Erreon Lee: It was kind of difficult at first, because my style is a little bit different. I just tried not to look at the negatives in it and use the positives like, that’s good because I sound different from everyone in my region so I may stand out a little bit more because I’m not doing what everyone else is doing. At that time, I was just doing like freestyles and things like that but when I was about 19, I put out my first real mixtape just to throw it out there and see how the public would receive it. It was called The Day The Game Elevated. And when I put it out, people were like, “Ok I see what you comin’ wit’ now!” and I don’t feel like it got enough respect for it, I thought it was pretty good for my first mixtape. So I was just like I gotta go harder!

So I put out The Day The Game Elevated 2 a year later, when I was 20. Now people were like, “Ok, I really see what you doin’ now.” And right after that I was like I just wanna do an album; I was tired of doin mix-tapes. I knew it would take a long time to put out the kind of quality album that I wanted to. So in between Elevated 2 and my album which is The Surface, my viral buzz really started goin out of control. People were ordering t-shirts from my website, the hits on YouTube, and the blogs started noticing me.

I had a fan base that I really didn’t want to keep waiting because I knew The Surface would take a little more time and development, so I put out The Day The Game Elevated 3. It was just a small, 10-song project that I put out. I did that when I was 21, pretty much releasing something every year. I just released The Surface on my 23rd birthday. It has all original music on there. I think it really just represents where I want to go as an artist, and it’s a story about where I came from, and it was perceived well with the public. So that’s where I am now, getting more exposure and touring those songs. I notice your ‘Game Elevated, Surface’ concept. Explain the next level, smart rap concept you’re bringing to the table.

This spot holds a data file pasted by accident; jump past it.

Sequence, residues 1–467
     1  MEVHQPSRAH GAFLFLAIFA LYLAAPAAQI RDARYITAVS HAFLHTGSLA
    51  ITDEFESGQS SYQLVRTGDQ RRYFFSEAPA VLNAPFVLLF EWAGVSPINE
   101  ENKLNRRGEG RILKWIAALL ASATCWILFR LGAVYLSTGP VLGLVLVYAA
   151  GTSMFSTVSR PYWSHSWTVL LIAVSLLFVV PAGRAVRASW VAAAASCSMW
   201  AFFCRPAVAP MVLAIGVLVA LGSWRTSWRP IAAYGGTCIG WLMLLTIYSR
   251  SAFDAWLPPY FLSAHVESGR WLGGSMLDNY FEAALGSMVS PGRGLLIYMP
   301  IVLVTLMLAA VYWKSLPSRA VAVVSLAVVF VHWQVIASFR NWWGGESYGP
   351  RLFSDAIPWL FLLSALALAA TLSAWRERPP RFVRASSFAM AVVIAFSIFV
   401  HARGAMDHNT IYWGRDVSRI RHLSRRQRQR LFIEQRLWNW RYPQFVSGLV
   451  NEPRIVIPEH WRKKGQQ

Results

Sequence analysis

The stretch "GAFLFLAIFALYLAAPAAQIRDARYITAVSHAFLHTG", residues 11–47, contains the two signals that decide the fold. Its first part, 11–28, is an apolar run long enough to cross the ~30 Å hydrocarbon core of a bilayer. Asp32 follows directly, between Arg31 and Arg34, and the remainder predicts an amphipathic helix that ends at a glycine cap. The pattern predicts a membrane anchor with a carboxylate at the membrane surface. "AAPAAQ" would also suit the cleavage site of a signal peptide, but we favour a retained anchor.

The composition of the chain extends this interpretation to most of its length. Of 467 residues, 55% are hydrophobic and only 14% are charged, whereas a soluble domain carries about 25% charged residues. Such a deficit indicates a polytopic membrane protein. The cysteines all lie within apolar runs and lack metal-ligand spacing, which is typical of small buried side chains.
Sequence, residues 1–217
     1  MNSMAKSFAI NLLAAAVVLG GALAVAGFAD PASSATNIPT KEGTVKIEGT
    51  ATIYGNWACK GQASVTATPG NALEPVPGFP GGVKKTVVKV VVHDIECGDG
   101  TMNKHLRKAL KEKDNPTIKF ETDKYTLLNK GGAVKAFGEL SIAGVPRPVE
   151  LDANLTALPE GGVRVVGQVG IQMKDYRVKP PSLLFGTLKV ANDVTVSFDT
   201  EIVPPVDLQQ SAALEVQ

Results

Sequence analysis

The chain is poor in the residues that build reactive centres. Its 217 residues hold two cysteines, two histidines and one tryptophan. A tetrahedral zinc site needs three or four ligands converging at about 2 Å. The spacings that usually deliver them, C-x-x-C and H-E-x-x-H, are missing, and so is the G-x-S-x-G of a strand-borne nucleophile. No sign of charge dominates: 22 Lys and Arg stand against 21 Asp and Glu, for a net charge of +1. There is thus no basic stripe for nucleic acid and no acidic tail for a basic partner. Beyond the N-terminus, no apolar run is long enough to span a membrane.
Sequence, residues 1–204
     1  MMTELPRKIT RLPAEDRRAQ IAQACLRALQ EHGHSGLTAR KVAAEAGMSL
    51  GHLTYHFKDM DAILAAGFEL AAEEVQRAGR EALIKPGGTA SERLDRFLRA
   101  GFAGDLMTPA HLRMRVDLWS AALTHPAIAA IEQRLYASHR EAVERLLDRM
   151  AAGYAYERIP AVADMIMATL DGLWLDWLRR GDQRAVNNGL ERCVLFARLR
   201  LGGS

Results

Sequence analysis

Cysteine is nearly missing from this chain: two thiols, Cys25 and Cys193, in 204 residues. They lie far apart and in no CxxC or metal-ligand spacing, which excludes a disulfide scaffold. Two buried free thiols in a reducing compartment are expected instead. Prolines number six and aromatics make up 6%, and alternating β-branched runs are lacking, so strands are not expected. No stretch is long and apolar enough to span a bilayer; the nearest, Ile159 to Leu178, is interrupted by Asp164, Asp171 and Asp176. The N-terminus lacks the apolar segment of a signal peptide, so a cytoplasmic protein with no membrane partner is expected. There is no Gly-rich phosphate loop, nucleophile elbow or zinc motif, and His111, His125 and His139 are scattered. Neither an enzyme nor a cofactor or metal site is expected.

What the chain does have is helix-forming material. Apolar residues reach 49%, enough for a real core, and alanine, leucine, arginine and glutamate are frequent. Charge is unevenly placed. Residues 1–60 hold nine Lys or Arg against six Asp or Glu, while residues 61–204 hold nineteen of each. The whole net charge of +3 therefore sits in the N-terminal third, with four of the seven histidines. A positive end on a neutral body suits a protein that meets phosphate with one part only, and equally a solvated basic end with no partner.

Erreon Lee: That’s exactly what it’s meant to be. The Day The Game Elevated was a confident title. It wasn’t meant to be arrogant, but it was a confident title you know, about a young independent in the game trying to raise the standards. The Surface, and even the single off the album, “We Here doesn’t say we made it or we’re on top or anything like that. It’s just…I’ve surfaced, you see me, I’ve arrived, I’m here and it’s time to get recognized. Your YouTube is WarriorTV… You call yourself The Warrior…

Erreon Lee: Yeah, that’s my alias. It really represents me as a person. My stepdad gave that to me when I was younger cuz I just didn’t stop. He said I was a warrior. Even if I was having a bad day, I just stick through it. I just keep a warrior mentality all the time towards life. Ironically, that’s what they used to call me on the court, too, ’cause I’m pretty nice with that rock. [laughter] But with music, I think it’s the same way. It just represents the struggle of the market that I’m in trying to break through doing the kind of music that I’m doing. I knew it wasn’t going to be easy, but I just keep that warrior mentality about me as I go through things. You recently did some work with one of the hottest DJ’s in Dallas, DJ ASAP. How was that?

Erreon Lee: DJ ASAP, man. I remember when I was 18 standing in long lines in the cold, tryin’ to get in the club, waitin to see DJ ASAP break records I’ve never heard before. I used to be like, man, I can’t wait til he’s spinnin my records. And it’s all happening now. He’s always showing me love, and he got behind the whole project. He just believes in everything that’s going on around me, and he’s been a good accomplice to have on the team because he has a really great ear for what people want to hear. He’s taken somewhat of an A&R role, and we bounce ideas off each other between him and my management. It’s just a great team and I’m lookin forward to the future with DJ ASAP. That’s most definitely my official DJ out here in Dallas. You have your first performance on a bigger stage coming up in Austin for AllHipHop’s Breeding Ground Showcase at SXSW. How are you feeling about it?

Erreon Lee: It is gonna be my first time on a bigger stage. I’m most definitely ready for it. I’m ready. I’m always ready to turn up. When them lights come on, it’s showtime.  I can only imagine the energy of what it’ll be like. I can’t wait personally. We’re all looking forward to it! It’s been real talking to you. See you at the show.

Download Erreon’s mixtapes and album at and follow him on Twitter (@ERREONATION). Expect a high energy show from Erreon Lee on AllHipHop’s Breeding Ground Stage at Kiss n Fly  in Austin this Friday, March 16.

Other Breeding Ground performing artists include Big K.R.I.T, Travis Porter, Smoke DZA, Chevy Woods, and Future. The showcase will also feature performances from Mystikal, Trae The Truth, and Juvenile. See you there!